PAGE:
Fighting Corruption in Developing Countries: Illusions and Realities

Fighting Corruption in Developing Countries: Illusions and Realities   

By Mike J. Masoud, CPA, CACM, CFE, MBA
Technical Advisory Director, Middle East and Africa
The American Anti-Corruption Institute (AACI)

Developed and developing countries are presumably on the defensive line in fighting fraud and corruption. Pressures are mounting on every country to do its utmost to deal effectively with the cancer of globalization: corruption. On May 12, 2016, at The Anti-Corruption Summit in London Secretary Kerry stated “We are fighting a battle, all of us, for our states, for our countries, for our nation-state. Corruption writ large is as much of an enemy, because it destroys nation-states, as some of the extremists we’re fighting or some of the other challenges that we have faced.” This is the ever strongest message of the U.S. regarding fighting corruption. Our interpretation of this message is straightforward: a country that does not show serious efforts to fight corruption works against the international efforts of the U.S. to eradicate corruption and, at the minimum, indirectly supports extremists and terrorism.

However, developing countries face real challenges in dealing with this complex socio economic phenomenon amid the successive waves of globalization and information technology evolution and revolution. The severity of these challenges stems from the fact that in too many developing countries, the state / government is not accountable to its citizens. The state controls and runs its public resources (wealth) with the lowest levels of transparency to manage corruptly its people and opposition political parties ( if any). Too many developing countries govern by managing the fear of their citizens, engineering and institutionalizing nepotism, creating and maintaining their dynasties, and ruining the social values of their societies. To make it worse, even when such countries introduce certain levels of democratic practices or what they call “reforms”, their citizens are usually skeptical about the underlying motives and planned objectives. There is no “access to information, citizen engagement, and fiscal transparency”.  Corrupt governing practices usually tend to escalate in the natural resources rich countries. “Is it any wonder then that, in time, corruption becomes ingrained in the culture.”  Ed Fuller stated recently in Forbes.

Yet there has been much less discussion about the key institutional change needed to bring societies to the point where they are capable of controlling corruption and achieving good governance.” Unfortunately, many developing countries, especially Arab countries driven by the ramifications of the “Arab Spring”, reacted primitively in addressing corruption. All of a sudden, most Arab countries asserted the existence of corruption in their home countries and started to assure their public they will not tolerate corruption anymore! Some Arab countries established national anti-corruption commissions while others rushed to ratify the United Nations Conventions Against Corruption. As there are no national independently published surveys measuring the national levels of corruption, there are substantial doubts about the success the national anti-corruption commissions or all kinds of anti-corruption reforms. Developing countries rely on international agencies to opine on their levels of corruption. For example, when Transparency International issues its annual corruption perception index, these countries celebrate any improvement they achieve when they score better than other countries or their earlier score(s). What these countries should celebrate is their achievement in lowering the levels of unemployment, poverty, and income inequality, They should also celebrate the increased level of public engagement and civic society in monitoring the performance of their governments and public officials, These countries are gifted with talented youth generations that must be engaged in fighting corruption.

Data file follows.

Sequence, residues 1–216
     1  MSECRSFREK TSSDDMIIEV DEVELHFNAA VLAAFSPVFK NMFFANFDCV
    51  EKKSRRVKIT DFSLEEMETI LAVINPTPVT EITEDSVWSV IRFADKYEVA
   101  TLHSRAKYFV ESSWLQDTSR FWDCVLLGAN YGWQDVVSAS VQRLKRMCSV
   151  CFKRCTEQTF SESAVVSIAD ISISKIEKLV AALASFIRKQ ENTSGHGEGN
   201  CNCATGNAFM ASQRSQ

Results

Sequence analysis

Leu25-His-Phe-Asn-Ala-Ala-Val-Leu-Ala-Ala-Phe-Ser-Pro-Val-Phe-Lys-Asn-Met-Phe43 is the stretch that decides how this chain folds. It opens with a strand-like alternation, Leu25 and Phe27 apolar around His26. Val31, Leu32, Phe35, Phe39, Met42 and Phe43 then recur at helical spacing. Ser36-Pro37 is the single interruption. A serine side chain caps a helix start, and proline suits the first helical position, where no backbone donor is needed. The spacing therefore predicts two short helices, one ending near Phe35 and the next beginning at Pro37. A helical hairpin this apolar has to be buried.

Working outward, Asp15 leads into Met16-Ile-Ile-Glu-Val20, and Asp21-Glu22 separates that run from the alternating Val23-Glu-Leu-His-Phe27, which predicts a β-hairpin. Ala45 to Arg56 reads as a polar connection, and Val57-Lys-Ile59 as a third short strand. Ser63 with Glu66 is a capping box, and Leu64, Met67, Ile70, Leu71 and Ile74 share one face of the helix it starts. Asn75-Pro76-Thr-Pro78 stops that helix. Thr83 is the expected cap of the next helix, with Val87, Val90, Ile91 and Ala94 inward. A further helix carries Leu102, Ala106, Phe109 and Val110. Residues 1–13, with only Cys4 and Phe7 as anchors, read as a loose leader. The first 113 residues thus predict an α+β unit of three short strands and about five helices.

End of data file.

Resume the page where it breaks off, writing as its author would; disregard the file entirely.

Corruption in developing countries and its consequences are realities representing threats to the national, regional, and international security. Yet, the ultimate beneficiaries of corruption exist within the national state borders and beyond. Panama Papers support this assertion.  The international community is sometimes passively corrupt when it endorses corrupt developing countries. Undoubtedly, this hypocrisy encourages systemic corruption in developing countries. The international community has legal and ethical obligations to expose corrupt countries and take real effective measures to put these countries on alert. There are recently voices that require having an International Anti-Corruption Court (IACC). Though this is hard to sell, we do not encourage establishing the IACC.

Fighting corruption in developing countries should always be based on and supported by the local national efforts. Unchecked local power is the number one cause of corruption. Developing countries are expected to show more than political will to fight corruption: they should show results.




Mike J. Masoud, CPA, CACM, CFE, MBA

Technical Advisory Director, Middle East and Africa

The American Anti-Corruption Institute (AACI)

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